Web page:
One-third (33%) of rotator cuff repairs failed, and 74% of the failures occurred within three months of surgery in a new long-term study of 107 patients.
"Most retears appear to be a failure to heal rather than retearing after healing," Dr. Rainer Kluger, at SMZOst Donauspital in Vienna, Austria, and his team write. "Efforts to improve healing during the first three months post-operatively should be made."
Dr. Kluger's team studied patients who underwent an arthroscopically-assisted mini-open rotator cuff repair, assessing them with at least one magnetic resonance image, plus outcome measures and ultrasonographies at three months, six months, one year and yearly thereafter for an average time of eight years.
Their paper was published online May 24th in the American Journal of Sports Medicine.
The failures that occurred within six months of surgery were not traumatic. Most, 74%, occurred within three months, and 11% occurred between three and six months. The rest were trauma and sports-related, and they occurred between two and five years after surgery.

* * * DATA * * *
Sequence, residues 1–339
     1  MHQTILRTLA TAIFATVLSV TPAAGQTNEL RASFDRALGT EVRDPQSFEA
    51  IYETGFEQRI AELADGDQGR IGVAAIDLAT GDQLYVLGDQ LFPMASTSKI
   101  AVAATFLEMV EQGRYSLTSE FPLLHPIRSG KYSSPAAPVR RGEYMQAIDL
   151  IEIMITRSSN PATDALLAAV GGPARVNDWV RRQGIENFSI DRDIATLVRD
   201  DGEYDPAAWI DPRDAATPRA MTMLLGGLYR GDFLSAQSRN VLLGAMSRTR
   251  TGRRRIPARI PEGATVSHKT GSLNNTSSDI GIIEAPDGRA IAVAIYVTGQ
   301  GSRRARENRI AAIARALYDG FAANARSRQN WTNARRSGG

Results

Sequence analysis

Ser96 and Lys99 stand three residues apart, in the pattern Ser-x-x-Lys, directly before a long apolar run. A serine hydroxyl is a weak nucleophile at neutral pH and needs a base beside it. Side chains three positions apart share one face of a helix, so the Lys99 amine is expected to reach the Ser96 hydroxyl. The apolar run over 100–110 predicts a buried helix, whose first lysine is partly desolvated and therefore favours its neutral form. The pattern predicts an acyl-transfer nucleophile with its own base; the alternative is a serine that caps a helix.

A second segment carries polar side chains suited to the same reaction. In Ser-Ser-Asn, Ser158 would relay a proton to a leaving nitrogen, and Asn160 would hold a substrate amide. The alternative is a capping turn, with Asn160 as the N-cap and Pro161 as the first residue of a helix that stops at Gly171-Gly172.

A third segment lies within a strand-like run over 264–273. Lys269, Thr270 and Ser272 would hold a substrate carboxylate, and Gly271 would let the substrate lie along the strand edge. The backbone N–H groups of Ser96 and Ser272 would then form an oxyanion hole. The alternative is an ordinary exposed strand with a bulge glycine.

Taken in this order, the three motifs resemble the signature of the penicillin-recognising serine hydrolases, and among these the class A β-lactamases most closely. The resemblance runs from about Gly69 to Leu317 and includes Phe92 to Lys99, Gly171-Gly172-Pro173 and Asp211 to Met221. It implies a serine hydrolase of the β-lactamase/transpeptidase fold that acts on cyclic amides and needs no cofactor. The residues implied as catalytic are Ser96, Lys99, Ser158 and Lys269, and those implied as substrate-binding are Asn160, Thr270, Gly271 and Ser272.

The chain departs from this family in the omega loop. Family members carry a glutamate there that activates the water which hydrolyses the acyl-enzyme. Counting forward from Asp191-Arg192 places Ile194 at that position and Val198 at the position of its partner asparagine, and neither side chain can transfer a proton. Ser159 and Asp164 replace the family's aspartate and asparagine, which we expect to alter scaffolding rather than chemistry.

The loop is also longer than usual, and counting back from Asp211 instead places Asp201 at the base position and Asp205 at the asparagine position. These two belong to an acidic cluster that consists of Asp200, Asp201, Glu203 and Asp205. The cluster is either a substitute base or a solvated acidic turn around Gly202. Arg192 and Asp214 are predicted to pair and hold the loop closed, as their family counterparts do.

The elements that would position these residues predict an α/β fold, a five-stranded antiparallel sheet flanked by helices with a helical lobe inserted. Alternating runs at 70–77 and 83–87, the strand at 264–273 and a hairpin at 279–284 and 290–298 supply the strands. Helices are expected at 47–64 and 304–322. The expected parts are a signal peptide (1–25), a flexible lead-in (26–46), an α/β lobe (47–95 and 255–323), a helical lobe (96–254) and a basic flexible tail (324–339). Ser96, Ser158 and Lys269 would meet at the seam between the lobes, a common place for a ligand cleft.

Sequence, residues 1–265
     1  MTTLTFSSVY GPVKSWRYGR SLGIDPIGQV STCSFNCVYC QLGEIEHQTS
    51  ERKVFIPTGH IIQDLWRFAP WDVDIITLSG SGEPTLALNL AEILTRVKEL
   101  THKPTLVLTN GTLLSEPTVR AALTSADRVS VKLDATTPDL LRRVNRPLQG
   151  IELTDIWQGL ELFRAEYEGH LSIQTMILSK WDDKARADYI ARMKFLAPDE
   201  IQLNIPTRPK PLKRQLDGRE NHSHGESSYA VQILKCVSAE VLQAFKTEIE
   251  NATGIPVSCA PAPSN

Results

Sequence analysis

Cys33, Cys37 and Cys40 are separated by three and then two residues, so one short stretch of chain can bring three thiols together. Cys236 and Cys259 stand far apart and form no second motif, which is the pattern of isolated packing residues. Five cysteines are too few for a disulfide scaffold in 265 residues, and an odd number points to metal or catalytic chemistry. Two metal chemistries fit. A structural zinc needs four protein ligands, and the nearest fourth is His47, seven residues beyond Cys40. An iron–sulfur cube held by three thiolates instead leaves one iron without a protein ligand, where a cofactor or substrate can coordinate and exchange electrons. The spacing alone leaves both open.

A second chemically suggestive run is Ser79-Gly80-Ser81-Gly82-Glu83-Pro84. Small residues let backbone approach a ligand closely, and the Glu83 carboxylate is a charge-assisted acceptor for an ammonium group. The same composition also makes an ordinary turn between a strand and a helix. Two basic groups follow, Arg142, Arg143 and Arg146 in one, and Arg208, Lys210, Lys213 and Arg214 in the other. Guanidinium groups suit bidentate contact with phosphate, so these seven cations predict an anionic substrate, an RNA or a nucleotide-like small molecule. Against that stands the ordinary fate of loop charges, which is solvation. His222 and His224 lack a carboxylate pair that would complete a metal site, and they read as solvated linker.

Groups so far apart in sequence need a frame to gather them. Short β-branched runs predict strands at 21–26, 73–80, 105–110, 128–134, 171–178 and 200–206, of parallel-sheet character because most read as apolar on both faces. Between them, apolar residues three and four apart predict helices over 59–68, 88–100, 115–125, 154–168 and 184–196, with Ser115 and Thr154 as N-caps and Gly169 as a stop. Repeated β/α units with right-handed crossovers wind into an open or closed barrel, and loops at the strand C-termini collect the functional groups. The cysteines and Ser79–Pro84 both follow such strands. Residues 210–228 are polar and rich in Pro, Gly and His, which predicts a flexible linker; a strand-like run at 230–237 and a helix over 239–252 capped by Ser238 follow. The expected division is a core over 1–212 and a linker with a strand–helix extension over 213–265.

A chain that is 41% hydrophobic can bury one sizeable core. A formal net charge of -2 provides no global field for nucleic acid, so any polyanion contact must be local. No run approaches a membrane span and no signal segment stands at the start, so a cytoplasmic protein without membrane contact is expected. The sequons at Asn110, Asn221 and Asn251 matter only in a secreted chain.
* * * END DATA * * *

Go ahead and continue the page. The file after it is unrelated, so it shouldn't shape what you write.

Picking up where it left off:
Multivariate analysis showed that patients whose tendons heal by six months should perform well on shoulder disorder outcome ratings (normalized Constant-Murley Shoulder Outcomes Score) as long as seven years after surgery. The rating systems measure pain, range of motion, strength and the ability to do everyday tasks.
Knowing that healed tendons, or recurrent tears, at six months can predict outcomes at seven years can help caregivers as they counsel patients, the researchers conclude.
Am J Sports Med 2011. Abstract
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